From meta models of models to fantastical landscapes and replicas of much-loved locations, the UK’s quaint and quirky miniature villages continue to be a big draw. The UK is home to more than 30 miniature villages, ranging from hobbyists to full-blown tourist attractions employing professional engineers. They can be found in weather-beaten coastal resorts, picturesque villages nestled in rolling hills or as complements to major tourist attractions such as Land’s End or Blenheim Palace. Or even just an enthusiast’s garden.
Brian Salter, author of Models Towns and Villages, said: “People love going to model villages because we like things in miniatures, we all had toys and there is a nostalgia and old worldliness to them. And people like making models because it is a way to build and own something you love when you could never have the real thing.”
Generally accepted as the world’s first model village, Bekonscot in Beaconsfield opened in August 1929 when Roland Callingham – under instruction from his wife – moved his model railway from his home to a neighbouring garden.
This is an ordinary everyday tale of a wealthy accountant living in Buckinghamshire who was slightly obsessed with trains and whose wife gave him an ultimatum to declutter the house! In 1927, Mr Roland Callingham, a London accountant, instructed gardeners to dig a swimming pool at his home in Beaconsfield. The pool and tennis courts were used for garden parties, attended by the high society of London. Politicians, minor royals, aristocrats and the movers and shakers of the era would come out for a breath of country air. In 1928, Mrs Callingham made a short but moving speech which suggested that either the indoor model railway went, or she did. The model railway moved outdoors.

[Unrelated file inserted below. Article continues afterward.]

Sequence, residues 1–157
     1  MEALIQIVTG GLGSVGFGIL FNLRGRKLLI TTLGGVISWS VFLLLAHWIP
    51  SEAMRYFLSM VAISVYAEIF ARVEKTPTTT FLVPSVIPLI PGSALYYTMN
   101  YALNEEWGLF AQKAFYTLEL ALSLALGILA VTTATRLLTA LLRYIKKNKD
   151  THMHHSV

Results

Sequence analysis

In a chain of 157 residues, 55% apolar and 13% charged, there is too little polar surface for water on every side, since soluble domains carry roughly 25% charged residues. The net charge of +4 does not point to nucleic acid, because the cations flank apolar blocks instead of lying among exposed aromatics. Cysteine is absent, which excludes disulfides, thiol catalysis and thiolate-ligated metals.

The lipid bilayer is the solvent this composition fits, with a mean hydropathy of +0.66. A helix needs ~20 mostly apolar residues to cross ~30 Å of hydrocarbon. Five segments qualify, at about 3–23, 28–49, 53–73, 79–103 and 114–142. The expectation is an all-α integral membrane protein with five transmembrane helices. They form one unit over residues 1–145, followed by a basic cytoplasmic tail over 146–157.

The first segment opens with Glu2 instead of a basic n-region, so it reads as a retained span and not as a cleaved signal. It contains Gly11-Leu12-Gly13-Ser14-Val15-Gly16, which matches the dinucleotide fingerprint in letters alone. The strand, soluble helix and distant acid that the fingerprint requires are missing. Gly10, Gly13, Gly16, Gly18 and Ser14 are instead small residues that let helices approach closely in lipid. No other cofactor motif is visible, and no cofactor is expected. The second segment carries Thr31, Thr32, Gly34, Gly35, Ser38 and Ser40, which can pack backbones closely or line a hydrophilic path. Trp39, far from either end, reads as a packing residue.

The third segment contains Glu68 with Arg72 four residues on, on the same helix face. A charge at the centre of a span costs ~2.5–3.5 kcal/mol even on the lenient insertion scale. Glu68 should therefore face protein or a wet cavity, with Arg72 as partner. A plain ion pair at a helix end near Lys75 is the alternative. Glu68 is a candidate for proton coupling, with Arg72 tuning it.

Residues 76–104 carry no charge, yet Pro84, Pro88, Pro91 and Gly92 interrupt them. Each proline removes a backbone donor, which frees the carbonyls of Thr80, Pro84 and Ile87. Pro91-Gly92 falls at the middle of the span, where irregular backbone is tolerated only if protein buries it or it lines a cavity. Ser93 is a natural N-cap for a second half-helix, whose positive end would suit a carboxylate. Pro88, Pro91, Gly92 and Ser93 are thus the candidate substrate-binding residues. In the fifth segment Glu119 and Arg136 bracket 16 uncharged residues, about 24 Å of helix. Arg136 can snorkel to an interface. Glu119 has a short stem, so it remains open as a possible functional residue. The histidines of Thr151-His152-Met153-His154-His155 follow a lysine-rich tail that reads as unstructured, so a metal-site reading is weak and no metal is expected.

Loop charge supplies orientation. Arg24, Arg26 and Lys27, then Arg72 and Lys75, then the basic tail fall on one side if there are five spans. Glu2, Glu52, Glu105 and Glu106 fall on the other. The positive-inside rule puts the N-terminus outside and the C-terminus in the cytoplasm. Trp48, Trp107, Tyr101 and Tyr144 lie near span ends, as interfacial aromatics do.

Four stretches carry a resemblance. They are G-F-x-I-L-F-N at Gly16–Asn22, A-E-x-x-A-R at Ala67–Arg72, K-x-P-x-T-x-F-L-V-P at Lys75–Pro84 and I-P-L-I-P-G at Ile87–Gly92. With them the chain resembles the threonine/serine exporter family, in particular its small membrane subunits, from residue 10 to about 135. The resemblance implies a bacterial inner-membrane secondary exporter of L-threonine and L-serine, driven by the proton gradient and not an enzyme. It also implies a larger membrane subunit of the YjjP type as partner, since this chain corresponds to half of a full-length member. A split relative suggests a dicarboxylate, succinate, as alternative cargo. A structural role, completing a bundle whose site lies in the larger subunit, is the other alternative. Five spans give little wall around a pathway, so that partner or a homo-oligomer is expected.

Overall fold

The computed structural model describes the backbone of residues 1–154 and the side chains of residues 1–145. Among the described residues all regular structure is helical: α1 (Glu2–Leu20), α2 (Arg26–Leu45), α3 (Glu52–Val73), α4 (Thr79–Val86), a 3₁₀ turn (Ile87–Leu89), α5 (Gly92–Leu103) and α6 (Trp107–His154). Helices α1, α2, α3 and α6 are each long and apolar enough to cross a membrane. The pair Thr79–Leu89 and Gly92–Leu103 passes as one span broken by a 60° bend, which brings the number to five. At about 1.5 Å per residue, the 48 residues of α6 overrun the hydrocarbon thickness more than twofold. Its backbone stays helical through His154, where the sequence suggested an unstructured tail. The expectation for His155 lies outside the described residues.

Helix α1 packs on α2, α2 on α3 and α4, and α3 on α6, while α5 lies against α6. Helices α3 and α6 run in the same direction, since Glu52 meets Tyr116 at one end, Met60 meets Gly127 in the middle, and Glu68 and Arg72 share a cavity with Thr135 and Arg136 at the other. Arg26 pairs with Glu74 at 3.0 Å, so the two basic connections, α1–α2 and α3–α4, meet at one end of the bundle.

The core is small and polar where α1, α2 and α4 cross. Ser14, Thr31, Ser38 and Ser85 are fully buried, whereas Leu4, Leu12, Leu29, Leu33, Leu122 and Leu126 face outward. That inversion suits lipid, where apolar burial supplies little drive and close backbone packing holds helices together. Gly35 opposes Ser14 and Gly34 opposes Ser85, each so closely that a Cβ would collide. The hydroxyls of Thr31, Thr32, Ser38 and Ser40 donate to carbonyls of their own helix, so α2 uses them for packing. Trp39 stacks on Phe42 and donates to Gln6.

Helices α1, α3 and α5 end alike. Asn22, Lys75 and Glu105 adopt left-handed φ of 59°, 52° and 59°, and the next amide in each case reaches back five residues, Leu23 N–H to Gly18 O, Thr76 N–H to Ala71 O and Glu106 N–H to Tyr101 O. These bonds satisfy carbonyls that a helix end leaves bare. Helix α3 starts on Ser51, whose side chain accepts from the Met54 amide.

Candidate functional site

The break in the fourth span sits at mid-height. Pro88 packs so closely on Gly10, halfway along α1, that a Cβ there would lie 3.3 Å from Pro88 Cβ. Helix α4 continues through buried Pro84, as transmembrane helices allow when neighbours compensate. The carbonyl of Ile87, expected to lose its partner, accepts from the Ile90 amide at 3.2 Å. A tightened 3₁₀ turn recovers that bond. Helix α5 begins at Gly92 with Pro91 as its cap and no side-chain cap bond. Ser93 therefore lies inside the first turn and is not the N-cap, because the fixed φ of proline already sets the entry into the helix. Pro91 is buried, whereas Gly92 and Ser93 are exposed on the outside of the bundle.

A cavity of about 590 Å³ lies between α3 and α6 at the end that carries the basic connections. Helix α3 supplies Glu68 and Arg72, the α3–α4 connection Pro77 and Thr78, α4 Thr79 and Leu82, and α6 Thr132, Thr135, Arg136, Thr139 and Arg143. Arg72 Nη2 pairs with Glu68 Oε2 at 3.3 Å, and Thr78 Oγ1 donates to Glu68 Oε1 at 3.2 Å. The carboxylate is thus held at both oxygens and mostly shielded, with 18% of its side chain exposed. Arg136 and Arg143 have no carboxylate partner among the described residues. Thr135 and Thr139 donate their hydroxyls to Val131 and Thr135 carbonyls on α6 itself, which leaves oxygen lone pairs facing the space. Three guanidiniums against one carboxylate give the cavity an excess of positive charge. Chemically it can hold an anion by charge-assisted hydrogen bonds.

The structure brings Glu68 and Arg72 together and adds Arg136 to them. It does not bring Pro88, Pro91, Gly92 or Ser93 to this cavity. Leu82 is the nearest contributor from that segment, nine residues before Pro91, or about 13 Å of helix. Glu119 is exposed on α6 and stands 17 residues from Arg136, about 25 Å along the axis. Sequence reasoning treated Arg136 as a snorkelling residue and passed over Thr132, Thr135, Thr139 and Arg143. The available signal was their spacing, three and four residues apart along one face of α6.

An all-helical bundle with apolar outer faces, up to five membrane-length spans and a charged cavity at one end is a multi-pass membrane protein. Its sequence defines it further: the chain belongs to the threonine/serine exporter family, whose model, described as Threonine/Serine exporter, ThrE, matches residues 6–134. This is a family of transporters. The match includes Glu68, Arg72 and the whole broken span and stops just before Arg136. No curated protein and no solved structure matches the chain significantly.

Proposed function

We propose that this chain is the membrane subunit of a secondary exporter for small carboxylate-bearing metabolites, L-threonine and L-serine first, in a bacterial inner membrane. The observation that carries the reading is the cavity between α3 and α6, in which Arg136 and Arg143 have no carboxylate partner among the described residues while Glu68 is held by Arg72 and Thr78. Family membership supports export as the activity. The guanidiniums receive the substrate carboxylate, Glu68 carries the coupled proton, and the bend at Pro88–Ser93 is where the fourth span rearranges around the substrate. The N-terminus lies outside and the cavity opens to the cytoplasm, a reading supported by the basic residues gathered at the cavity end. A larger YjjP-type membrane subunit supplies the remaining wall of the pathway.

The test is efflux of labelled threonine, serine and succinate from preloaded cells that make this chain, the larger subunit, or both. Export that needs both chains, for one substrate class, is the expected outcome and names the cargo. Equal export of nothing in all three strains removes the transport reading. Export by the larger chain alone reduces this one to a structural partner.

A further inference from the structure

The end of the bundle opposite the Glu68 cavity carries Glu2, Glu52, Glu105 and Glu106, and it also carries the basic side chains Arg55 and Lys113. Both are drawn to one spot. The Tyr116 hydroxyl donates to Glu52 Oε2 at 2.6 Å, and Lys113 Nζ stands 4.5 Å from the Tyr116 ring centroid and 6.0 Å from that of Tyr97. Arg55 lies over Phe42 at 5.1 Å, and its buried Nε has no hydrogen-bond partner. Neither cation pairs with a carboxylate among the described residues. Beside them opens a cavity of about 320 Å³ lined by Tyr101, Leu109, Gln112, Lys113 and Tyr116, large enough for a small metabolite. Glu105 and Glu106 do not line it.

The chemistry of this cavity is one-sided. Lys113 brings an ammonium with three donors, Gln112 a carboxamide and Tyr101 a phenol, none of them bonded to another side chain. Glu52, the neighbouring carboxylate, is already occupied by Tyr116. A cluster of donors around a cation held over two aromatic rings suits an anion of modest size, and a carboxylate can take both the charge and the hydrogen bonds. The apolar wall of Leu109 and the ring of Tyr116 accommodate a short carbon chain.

Bekonscot was first created by Beaconsfield resident, accountant Roland Callingham (1881–1961), in the 1920s. Roland developed the master plan for his miniature empire as an addition to his large back garden, drawing in help from his staff: the gardener, cook, maid and chauffeur. Together they developed the model landscape portraying rural England at the time. The swimming pool became the first “sea” and the undulating rockeries were built up as hills. Bassett-Lowke, the well-known large-scale model railway manufacturers, were commissioned to build an extensive Gauge 1 railway network, which exists to this day. Callingham named the village ‘Bekonscot’ after Beaconsfield and Ascot where he previously lived.
Bekonscot is the oldest model village in the world. Portraying rural England in the 1930’s, time has stood still in this wonderland of make-believe, which is 81 years old. Visitors meander through six villages, each with their miniature population going about their daily routines. There are many moving models including a fine Gauge 1 model railway which runs throughout the 1.5 acre site. There is also a sit-on railway running weekends and school holidays (small extra charge). Bekonscot has been run by the Church Army since 1978 and donates large amounts of money to charity. It has raised the equivalent of almost £5,000,000 so far and has been visited by more than 14,000,000 visitors.